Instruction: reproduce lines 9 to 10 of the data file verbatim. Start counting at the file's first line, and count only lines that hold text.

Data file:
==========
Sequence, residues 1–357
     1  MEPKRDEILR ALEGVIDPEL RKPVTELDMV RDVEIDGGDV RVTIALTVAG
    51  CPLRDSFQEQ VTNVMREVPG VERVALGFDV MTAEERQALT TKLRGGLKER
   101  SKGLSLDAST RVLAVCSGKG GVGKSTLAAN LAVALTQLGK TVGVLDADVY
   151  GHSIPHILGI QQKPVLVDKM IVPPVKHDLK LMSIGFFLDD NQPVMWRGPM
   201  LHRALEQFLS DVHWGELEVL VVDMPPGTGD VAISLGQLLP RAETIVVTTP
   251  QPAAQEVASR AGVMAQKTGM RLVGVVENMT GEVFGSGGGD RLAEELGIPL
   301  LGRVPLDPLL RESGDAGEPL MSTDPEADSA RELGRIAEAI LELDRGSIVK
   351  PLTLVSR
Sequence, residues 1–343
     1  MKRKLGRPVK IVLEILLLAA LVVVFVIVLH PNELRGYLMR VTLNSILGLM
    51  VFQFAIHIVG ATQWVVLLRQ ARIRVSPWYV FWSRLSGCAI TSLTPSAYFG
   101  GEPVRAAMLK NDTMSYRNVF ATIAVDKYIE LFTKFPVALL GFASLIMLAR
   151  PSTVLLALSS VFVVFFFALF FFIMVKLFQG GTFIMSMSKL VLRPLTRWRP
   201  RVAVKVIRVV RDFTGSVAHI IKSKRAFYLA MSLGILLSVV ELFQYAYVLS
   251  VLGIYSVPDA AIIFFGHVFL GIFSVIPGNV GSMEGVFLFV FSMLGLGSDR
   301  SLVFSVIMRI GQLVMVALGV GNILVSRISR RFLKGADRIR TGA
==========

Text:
   351  PLTLVSR
Sequence, residues 1–343